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lo! this holy friar, who hath come to us on account of a few words which he spake unto us justly by reason of our wickedness, hath humbly confessed his fault to us; and more than this, he hath brought us bread and wine, and so gracious a promise from the holy father. Verily these friars are saints of God, who merit the paradise of God; and we are children of eternal perdition, who merit the pains of hell, and every day we increase our damnation; nor do we know whether, from the sins which we have committed until now, we shall be able to turn to the mercy of God." And, when one of them had spoken these and like words, the others aid: "Verily thou speakest the truth, but what then ought we to do?" "Let us go," said one, "to St. Francis; and if he gives us hope that we may be able to turn from our sins to the mercy of God, let us do that which he commands us, if so be we may deliver our souls from the pains of hell." This counsel was pleasing to the others; and so, all three of them being agreed, they went in haste to St. Francis and spake unto him thus: "Father, by reason of the many horrible sins which we have committed, we do not believe that we can turn to the mercy of God; but if thou hast any hope that God will receive us to mercy, lo! we are ready to do that which thou shalt bid us, and to do penance with thee". Then St. Francis received them lovingly and with benignity, and consoled them with many ensamples, assuring them of the mercy of God, and promising them that of a surety he would obtain it for them from God, showing them that the mercy of God is infinite, and even if our sins were infinite the mercy of God is greater than our sins, according to the Gospel; and St. Paul the Apostle said: Christ the blessed came into this world to redeem sinners. Through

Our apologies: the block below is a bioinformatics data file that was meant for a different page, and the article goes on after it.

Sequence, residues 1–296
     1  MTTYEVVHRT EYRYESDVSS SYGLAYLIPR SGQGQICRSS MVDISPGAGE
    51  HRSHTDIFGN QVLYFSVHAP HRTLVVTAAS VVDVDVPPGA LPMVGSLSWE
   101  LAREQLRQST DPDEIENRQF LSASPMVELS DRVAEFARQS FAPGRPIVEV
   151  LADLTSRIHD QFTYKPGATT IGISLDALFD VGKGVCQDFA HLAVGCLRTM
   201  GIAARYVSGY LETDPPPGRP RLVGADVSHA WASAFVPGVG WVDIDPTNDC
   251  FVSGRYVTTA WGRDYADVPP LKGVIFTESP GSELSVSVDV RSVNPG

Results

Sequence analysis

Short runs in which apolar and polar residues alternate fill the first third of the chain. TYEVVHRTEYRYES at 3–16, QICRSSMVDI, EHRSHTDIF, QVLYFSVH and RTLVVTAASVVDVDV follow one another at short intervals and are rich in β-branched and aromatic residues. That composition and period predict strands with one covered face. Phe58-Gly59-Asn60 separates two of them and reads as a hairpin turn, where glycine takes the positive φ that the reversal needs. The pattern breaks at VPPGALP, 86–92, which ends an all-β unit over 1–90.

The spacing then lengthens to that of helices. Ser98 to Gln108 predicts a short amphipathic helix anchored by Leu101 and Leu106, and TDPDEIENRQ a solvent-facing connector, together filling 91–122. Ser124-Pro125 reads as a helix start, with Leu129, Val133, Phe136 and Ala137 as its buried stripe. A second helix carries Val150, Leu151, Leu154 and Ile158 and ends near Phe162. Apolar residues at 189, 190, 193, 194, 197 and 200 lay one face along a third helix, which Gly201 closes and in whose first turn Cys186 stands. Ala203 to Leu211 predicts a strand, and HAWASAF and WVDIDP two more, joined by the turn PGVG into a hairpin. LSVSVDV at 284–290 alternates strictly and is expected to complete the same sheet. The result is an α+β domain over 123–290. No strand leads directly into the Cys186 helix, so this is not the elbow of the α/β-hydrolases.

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the which words and similar teachings, the said three robbers renounced the devil and his works; and St. Francis received them into the Order, and they began to do great penance; and two of them lived but a little while after their conversion, and went to paradise. But the third, surviving his companions, and bethinking him of his sins past, turned himself to the doing of such penance that for fifteen successive years, except during the common Lenten fasts, which he kept with the other friars, he fasted three days a week on bread and water, always going barefoot and with one sole habit on his back, and never did he sleep after matins. During this time, St. Francis passed from this miserable life; and when this man [i.e., the converted robber] had for many years continued in such penance, lo! one night after matins, there came upon him so great a temptation to sleep that he might by no means resist it and keep watch as he was wont to do. Finally, being unable to resist his drowsiness or to pray, he went to his bed to sleep; and anon, as soon as he had laid down his head, he was rapt away and led in the spirit to a very high mountain, where was a chasm exceeding deep; and on this side and on that were rocks, broken and splintered, and uneven ledges which jutted out from the rocks, so that it was a dreadful sight to look into that chasm. And the angel that was leading this friar pushed him and flung him down that chasm; and rebounding and striking from ledge to ledge and rock to rock, at last he reached the bottom of the precipice, all dismembered and dashed to fragments, as it seemed to him; and as he lay thus upon the ground in evil case, he that led him said: "Get up, for thou must needs make a greater journey". The friar answered: "Thou seemest to me a very unreasonable and cruel man, who, when thou seest me at the point of death